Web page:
OPERATIONAL EFFICIENCY Manufacturing in Connecticut has also benefited Carey Manufacturing from an operations standpoint. In the past the company typically sourced parts from China in quantities of 100,000, but since its customers order just 5,000 to 10,000 parts at a time there was waste in storage, transportation, and handling. “Parts in inventory are expensive to carry and every time you handle them it costs the company money. By keeping inventory to a minimum we can improve operations, cash flow and profitability,” explains Lavoie. These improved efficiencies are especially noticeable in Carey’s high transaction business. “We do $8 million a year in sales from items like fasteners, catches and latches. Our purchase orders tend to be for less than a thousand dollars which means we process a substantial number each day and quick turnaround is the expectation – of any business today,” says Lavoie.
Carey has brought more manufacturing inhouse while providing a quicker turnaround for its customers and has been able to do so profitably. The difficulty, according to Carey, is that foreign governments offer extensive subsidies which keep their manufacturing companies afloat and U.S. manufacturers struggling to compete. As a result, as Carey reveals, “Many consumers – including our military – think they are buying U.S. products without realizing their supplier has outsourced the manufacturing work while American hands barely touch the process.”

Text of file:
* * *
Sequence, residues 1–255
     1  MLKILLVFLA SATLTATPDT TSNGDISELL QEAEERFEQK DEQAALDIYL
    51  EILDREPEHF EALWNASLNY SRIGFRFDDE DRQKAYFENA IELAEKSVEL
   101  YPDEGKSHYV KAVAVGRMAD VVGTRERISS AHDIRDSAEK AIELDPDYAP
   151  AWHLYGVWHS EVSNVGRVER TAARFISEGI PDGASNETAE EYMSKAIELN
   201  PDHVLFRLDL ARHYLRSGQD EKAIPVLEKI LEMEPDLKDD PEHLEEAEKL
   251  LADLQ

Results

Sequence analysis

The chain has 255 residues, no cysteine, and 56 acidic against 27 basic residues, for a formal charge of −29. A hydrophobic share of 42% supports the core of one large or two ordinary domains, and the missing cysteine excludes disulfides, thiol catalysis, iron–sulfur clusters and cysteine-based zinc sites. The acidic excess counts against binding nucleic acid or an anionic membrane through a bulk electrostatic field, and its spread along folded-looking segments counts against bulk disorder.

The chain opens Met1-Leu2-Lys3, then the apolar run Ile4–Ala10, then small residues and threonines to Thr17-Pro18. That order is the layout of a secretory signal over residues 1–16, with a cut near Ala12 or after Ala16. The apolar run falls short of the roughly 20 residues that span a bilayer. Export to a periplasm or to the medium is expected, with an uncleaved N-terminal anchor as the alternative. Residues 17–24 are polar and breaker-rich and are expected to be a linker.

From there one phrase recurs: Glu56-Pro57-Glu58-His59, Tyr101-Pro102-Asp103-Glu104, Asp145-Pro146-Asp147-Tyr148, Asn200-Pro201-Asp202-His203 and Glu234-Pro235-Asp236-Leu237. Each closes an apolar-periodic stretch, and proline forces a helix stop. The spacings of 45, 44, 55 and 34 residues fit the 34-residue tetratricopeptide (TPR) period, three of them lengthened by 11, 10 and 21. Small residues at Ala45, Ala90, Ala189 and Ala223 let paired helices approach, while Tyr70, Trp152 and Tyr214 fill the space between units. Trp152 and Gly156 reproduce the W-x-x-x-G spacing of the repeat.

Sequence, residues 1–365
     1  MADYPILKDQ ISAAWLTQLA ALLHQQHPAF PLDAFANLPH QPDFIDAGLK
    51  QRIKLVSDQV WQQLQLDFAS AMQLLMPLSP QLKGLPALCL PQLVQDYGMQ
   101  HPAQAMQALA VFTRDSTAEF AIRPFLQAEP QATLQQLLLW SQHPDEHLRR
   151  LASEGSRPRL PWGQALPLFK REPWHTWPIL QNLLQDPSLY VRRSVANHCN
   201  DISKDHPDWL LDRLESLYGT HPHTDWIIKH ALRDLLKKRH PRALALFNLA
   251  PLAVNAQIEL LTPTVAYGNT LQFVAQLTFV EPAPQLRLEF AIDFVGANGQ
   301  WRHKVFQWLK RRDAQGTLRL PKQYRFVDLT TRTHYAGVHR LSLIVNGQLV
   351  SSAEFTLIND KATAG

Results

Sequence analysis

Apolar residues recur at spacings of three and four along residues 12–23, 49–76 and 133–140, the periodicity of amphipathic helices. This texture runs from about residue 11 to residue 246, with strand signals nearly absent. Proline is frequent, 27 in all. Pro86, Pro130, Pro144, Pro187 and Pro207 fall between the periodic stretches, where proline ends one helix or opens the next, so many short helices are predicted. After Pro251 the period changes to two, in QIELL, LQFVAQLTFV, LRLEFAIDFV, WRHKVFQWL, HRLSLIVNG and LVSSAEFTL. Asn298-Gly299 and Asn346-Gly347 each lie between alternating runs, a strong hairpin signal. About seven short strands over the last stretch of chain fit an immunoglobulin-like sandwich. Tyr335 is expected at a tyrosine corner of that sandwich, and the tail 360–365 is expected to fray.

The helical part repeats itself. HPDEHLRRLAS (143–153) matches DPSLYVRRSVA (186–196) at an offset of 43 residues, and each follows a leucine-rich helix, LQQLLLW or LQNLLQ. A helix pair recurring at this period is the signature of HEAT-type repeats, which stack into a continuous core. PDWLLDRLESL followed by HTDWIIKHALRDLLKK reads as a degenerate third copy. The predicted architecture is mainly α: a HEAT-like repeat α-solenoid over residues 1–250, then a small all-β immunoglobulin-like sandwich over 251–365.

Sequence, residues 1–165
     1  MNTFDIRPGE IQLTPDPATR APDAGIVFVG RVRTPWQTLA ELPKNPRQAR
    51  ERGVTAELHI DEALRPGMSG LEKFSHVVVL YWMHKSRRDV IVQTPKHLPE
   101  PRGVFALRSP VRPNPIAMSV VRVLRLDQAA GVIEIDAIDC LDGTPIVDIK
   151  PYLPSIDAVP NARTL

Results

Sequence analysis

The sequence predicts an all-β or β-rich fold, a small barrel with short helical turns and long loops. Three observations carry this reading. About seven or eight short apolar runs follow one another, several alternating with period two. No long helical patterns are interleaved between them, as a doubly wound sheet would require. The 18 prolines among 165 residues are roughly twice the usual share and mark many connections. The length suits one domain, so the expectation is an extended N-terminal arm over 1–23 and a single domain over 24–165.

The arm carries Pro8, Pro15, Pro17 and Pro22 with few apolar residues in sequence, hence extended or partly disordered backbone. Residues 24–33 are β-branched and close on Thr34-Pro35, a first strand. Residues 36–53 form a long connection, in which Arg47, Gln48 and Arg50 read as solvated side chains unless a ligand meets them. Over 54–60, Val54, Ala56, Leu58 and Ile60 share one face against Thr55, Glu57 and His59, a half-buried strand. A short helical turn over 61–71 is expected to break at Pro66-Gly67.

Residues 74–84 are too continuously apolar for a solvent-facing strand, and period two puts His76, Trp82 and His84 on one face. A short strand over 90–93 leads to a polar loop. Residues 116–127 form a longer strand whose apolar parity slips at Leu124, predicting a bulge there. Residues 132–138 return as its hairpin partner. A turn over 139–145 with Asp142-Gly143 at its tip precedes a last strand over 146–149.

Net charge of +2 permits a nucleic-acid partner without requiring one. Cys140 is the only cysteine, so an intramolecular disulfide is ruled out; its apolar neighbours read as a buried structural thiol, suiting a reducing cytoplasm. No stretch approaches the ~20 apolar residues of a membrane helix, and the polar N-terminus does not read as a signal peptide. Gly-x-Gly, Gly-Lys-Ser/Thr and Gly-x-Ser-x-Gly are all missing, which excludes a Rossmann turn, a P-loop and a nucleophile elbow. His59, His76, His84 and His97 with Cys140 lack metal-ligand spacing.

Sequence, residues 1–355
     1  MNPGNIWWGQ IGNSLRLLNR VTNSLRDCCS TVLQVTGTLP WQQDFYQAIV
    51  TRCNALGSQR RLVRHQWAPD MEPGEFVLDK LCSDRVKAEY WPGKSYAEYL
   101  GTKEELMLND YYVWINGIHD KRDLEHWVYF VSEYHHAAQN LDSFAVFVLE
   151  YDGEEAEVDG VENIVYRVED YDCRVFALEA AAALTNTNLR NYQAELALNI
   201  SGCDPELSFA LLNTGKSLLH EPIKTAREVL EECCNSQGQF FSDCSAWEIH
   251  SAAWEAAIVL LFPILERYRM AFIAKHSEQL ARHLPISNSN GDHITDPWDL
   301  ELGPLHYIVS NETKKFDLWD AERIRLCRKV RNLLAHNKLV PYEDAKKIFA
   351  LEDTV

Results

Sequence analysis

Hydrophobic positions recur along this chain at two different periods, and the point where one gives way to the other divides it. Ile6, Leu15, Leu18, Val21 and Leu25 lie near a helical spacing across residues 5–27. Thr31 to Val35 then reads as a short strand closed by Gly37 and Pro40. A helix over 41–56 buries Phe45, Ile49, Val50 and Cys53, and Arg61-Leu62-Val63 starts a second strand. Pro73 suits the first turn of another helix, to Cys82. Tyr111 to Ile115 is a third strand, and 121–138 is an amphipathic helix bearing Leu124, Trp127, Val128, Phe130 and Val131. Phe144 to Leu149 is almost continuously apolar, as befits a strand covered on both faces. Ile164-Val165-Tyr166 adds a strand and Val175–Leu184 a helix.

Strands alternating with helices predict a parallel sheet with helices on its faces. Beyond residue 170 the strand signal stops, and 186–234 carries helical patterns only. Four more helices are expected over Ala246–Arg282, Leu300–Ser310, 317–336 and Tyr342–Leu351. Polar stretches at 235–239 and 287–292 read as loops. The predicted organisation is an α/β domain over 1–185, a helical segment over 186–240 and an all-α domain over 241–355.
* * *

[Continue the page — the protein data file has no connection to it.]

In the meantime, Carey Manufacturing has found a solution that works for its business. They are working hard to transition more products for production in Connecticut while also streamlining its sales and marketing efforts. In addition, the TruLaser 1030 fiber has opened up extra capacity for contract work which the company is looking to fill. “Most of our own work is not strictly laser cut so we can easily cut flat patterns for those who either do not have the capabilities or who just prefer to focus on downstream processing,” Carey explains. He expects contract work will become a bigger focus in the future but at the moment, the company has so much work to do they need to figure out how to get it all done. But as both Carey and Lavoie agree, that is a great problem to have.